Friday 11 December: Reflect at Kate Motaung's place. FMF's an unedited free write, though I do my best to check auto-correct's solutions. This week's "reflect" prompt also fits Fleetwood Mac's Landslide I quoted last week; so I'll start with the song. BTW, the font in Fleetwood Mac and Landslide is Fleetwood!
I took my love and I took it down
Climbed a mountain and I turned around
And I saw my reflection in the snow covered hills
Till the landslide brought me down
Oh, mirror in the sky, what is love?
Can the child within my heart rise above?
And can I sail through the changing ocean tides
Can I handle the seasons of my life?
Oh oh I don't know, oh I don't know
Fleetwood Mac, "Landslide," by Stevie Nicks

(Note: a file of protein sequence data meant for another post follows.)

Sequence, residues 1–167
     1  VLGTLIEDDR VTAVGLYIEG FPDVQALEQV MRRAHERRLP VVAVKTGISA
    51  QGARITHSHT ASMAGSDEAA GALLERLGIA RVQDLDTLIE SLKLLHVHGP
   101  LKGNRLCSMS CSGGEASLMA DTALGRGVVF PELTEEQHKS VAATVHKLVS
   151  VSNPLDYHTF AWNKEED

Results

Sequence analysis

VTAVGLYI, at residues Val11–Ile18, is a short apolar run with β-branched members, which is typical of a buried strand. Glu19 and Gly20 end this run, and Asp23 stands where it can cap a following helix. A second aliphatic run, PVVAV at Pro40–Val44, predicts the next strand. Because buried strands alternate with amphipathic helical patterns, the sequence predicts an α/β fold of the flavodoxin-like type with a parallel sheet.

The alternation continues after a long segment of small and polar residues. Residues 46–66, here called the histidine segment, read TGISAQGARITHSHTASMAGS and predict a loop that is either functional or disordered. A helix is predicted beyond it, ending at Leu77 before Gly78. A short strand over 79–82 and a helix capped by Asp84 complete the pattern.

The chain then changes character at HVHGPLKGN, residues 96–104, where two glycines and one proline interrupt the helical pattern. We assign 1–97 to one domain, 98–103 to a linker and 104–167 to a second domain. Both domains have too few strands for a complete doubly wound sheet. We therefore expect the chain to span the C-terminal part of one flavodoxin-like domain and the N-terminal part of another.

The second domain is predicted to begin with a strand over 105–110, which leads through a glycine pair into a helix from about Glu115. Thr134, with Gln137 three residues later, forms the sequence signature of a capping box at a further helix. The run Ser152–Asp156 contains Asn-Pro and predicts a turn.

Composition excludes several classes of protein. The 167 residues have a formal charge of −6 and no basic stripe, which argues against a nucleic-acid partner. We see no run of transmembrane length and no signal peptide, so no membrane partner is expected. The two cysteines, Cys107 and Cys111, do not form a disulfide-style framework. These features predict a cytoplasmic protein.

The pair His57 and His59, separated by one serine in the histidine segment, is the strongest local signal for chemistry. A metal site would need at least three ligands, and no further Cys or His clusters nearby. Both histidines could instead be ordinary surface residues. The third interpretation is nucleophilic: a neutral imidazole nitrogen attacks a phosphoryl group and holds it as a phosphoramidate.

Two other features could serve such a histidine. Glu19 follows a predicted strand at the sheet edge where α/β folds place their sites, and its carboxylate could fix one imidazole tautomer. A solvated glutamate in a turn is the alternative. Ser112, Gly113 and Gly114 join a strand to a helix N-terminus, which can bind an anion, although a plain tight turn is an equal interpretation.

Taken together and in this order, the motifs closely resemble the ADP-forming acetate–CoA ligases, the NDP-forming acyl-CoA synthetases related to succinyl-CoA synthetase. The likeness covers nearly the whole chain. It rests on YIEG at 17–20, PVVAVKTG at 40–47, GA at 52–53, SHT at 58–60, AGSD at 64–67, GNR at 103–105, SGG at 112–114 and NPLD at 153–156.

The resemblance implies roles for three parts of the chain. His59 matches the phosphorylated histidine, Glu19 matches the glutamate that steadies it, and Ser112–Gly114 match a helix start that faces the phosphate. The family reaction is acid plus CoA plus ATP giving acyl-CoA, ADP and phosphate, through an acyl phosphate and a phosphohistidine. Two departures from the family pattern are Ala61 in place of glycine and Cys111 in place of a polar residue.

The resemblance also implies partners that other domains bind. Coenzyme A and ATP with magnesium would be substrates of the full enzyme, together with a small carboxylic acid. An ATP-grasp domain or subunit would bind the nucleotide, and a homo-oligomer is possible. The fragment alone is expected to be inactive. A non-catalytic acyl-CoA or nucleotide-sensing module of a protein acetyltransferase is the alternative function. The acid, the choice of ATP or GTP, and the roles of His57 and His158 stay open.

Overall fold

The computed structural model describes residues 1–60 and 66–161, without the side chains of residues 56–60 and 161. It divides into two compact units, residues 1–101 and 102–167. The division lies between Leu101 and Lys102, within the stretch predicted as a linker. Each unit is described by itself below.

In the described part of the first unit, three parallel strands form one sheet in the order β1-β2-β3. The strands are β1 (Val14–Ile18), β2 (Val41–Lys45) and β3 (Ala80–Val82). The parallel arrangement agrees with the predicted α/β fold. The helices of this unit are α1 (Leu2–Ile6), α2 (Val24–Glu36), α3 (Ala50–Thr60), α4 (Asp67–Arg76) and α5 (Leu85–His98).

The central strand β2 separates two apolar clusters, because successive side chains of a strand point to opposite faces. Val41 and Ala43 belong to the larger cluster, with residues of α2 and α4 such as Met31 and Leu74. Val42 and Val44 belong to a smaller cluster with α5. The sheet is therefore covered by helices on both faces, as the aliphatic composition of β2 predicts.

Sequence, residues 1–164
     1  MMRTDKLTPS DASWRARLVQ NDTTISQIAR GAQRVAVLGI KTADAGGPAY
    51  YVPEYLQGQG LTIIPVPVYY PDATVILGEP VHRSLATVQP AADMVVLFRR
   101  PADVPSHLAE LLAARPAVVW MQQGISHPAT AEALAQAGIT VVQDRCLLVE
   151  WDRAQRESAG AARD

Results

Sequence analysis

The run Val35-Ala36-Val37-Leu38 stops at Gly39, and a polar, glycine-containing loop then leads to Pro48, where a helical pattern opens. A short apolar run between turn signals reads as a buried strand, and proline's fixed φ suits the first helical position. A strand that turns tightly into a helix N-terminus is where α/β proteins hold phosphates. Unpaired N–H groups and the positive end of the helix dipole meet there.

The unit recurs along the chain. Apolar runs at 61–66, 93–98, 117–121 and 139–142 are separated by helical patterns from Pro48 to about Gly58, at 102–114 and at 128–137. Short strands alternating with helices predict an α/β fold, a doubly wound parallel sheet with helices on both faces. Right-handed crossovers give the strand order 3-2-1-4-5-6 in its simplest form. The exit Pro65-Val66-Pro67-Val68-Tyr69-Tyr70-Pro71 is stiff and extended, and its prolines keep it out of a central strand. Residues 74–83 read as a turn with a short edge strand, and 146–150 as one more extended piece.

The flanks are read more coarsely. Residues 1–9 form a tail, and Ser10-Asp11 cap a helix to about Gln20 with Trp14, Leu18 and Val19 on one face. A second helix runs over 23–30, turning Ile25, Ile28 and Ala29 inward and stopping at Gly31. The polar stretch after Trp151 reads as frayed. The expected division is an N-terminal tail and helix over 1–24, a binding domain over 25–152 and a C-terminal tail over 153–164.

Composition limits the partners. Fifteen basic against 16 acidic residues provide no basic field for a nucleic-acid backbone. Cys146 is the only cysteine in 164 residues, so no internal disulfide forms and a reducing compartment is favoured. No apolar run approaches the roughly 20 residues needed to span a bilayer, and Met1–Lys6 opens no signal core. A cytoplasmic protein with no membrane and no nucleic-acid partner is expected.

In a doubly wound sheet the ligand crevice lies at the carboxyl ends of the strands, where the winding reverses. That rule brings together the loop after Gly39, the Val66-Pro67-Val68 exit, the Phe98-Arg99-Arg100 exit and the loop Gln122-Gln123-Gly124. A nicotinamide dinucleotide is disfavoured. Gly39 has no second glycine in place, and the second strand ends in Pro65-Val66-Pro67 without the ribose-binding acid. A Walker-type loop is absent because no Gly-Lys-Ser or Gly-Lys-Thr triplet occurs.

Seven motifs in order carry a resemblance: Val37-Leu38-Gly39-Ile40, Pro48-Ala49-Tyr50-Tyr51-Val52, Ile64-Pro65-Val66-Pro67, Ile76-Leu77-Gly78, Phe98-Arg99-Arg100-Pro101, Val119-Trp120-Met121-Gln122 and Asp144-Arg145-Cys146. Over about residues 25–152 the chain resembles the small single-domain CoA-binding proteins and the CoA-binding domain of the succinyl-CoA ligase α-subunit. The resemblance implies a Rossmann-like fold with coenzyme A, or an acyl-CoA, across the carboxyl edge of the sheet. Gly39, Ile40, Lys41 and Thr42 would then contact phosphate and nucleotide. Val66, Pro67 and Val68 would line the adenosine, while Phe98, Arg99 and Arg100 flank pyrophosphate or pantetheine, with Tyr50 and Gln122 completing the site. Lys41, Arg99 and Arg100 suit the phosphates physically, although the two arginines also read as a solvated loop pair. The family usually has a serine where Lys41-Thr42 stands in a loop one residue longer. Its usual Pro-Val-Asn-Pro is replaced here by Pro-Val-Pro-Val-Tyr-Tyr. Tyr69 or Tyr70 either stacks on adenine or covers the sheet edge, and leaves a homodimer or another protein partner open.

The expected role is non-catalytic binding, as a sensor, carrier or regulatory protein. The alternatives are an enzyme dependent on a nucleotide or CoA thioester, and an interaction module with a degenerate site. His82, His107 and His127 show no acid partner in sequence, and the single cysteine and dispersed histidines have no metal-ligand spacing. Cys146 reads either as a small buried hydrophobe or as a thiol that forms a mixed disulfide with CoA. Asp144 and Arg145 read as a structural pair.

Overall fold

Before I begin to write, I always ponder, consider, or reflect upon the word (or image if that's the case) prompt. Sometimes for five minutes, sometimes overnight. Interesting that I suddenly realized although typically I refer to my spoken or written ideas on a topic as reflections (rather than thoughts, ponderings, ideas, or musings, that last word being so commonplace in the blogosphere it makes me cringe, though it's from the same root as music. I'm ready to give up on "ponder /pondering/s" for the same reason). Every one of my considerations on "reflect" pertained to what we perceive with our eyes, our visual sense. With the single exception of remembering we need what that ringleader called "our reflection from the other" to know what's going on with us, how the world perceives us at this time or assessed us at that time. The sun casts a shadow that reflects an object. In graphic design we have a "reflect" command so an object appears vertically or horizontally. Sometimes we retain the original object and have doubles, sometimes not. A mirror, a "looking glass" reflects what's in front of it, but in reverse! How about other people we need to trust reflect our behaviors, our presence, our speech? We need to realize sometimes they sort of get it right, at times totally backwards or reversed or what feels like inside out to us, but that reflection never is quite the same as the original, though it well may contain an aspect of the real truth.